Every online marketplace expert will tell you: start with supply. It makes sense. If a new shop opens and there is nothing to buy in it, a customer is just going to leave — and probably won’t come back again.
But when a shopkeeper opens her store, she is willing to wait until customers start trickling in. The same works online. Founders should focus on developing their supply, and growing that inventory ahead of the demand. Those who take a different path do so at their own peril. But if you can reach liquidity, what Simon Rothman defines as the “reasonable expectation of selling something you list or finding what you’re looking for,” you’re in a great spot.
Over the last decade, a number of p2p marketplace business have finally started to reach liquidity. Of these, many have been met with an interesting challenge as they have grown: as the supply increases, and the services matures, the buyer comes to expect a certain level of quality and type of product from the marketplace. In keeping up with growing demand, business operators need to be more creative about injecting more quality supply into their marketplaces.
Sometimes, this has great results. AirBnB hired hotelier Chip Conley to help design a concierge experience that all AirBnB hosts would be trained in, so as to make the demand experience uniformly high-quality. Lending Club used very creative financial jujitsu to securitize the loans for the supply, so that more institutional capital would be attracted to the platform.
But just as often, the pressure to aggressively grow the supply brings forth challenges. Over the past couple of months, Etsy has been criticized for allowing resellers, copyright infringers, and stores on the supply side, which makes for a more liquid demand experience, but is harmful to the sellers and hurts the spirit of peer-to-peer. AirBnB has had to carefully consider its policy around property managers, but there are plenty of cases of people who are effectively operating as property managers on AirBnB, taking valuable housing supply out of the long-term market. I’ve heard more and more stories of Uber drivers who don’t own their black cars, but are leasing them from other Uber drivers, who are now running cab fleets using the Uber platform.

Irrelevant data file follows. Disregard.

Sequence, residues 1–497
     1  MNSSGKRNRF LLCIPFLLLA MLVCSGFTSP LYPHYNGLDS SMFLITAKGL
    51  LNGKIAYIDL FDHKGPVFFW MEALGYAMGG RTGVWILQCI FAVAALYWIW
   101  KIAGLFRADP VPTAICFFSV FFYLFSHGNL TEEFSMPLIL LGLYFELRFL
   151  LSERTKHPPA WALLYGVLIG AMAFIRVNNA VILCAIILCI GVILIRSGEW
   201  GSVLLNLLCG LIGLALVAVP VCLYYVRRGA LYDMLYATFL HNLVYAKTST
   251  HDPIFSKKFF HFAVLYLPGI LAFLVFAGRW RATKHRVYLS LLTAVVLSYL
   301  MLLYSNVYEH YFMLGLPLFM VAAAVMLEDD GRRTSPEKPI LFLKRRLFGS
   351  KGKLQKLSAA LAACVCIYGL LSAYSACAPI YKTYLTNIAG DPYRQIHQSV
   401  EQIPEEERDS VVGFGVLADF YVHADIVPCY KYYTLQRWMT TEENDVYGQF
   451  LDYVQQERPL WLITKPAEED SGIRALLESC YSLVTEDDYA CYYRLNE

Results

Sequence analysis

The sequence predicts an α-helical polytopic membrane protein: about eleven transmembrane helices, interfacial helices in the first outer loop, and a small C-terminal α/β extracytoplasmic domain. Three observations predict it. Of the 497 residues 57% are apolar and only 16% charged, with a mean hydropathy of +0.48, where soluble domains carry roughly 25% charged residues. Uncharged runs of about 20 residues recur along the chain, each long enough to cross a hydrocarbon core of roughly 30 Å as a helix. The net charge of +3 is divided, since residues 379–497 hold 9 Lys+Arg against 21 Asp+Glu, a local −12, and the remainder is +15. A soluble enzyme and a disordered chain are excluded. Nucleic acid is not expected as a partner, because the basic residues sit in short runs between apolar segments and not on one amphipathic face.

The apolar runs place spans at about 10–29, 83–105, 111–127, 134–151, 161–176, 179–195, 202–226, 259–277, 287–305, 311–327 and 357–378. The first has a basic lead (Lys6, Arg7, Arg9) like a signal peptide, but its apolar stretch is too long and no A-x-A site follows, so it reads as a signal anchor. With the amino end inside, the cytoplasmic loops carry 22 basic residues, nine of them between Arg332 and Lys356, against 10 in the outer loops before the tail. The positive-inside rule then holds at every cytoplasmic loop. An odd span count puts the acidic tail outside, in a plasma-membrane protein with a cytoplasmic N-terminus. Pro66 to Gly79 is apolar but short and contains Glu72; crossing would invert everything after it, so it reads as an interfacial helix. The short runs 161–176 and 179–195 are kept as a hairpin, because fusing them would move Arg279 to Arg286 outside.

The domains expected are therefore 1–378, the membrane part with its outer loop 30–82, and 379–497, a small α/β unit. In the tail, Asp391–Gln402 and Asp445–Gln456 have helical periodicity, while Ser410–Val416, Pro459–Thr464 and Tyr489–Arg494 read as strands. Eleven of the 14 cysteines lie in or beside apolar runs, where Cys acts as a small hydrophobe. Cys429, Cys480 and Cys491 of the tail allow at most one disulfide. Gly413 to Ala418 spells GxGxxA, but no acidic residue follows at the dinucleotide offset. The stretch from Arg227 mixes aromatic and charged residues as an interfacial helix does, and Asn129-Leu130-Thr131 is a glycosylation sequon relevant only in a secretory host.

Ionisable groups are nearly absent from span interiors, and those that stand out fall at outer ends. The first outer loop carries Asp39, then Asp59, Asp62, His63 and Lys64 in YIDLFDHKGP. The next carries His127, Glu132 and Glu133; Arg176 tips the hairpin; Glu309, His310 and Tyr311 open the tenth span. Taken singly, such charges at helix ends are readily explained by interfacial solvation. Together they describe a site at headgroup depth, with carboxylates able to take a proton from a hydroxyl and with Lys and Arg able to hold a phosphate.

None of this is bad, per se. Etsy has taken a lot of heat, but the demand-side user experience on Etsy has never been better, so it’s clearly a double-edged sword. And Etsy responded to the criticism transparently and admirably. One thing seems clear from all of these examples, though: the promise of a pure peer-to-peer platform at scale is a very challenging proposition. eBay has stores of all types on the supply side, and many people buy items new from retailers on eBay now, rather than used from strangers and friends. Craigslist seems, anecdotally, to be purer. One wonders if that is because the company has done very little to scale the platform.
We are invested in a number of marketplaces at Collaborative Fund, and we strongly believe in a peer-powered economy so we have to think deeply about these issues. Kickstarter curates their projects very heavily, and Lyft famously has the most rigorous driver vetting process among any livery or ridesharing services. It seems that the pressure to grow quickly is what brings along this challenge. And perhaps one of Kickstarter and Lyft’s great strengths, while both are growing very quickly, is to stay disciplined about their supply.
The peer economy unlocks economic activity in incredibly efficient and empowering ways, but marketplaces are fragile. And the temptation to scale platforms and maximize profit too quickly can lead to unintended results.
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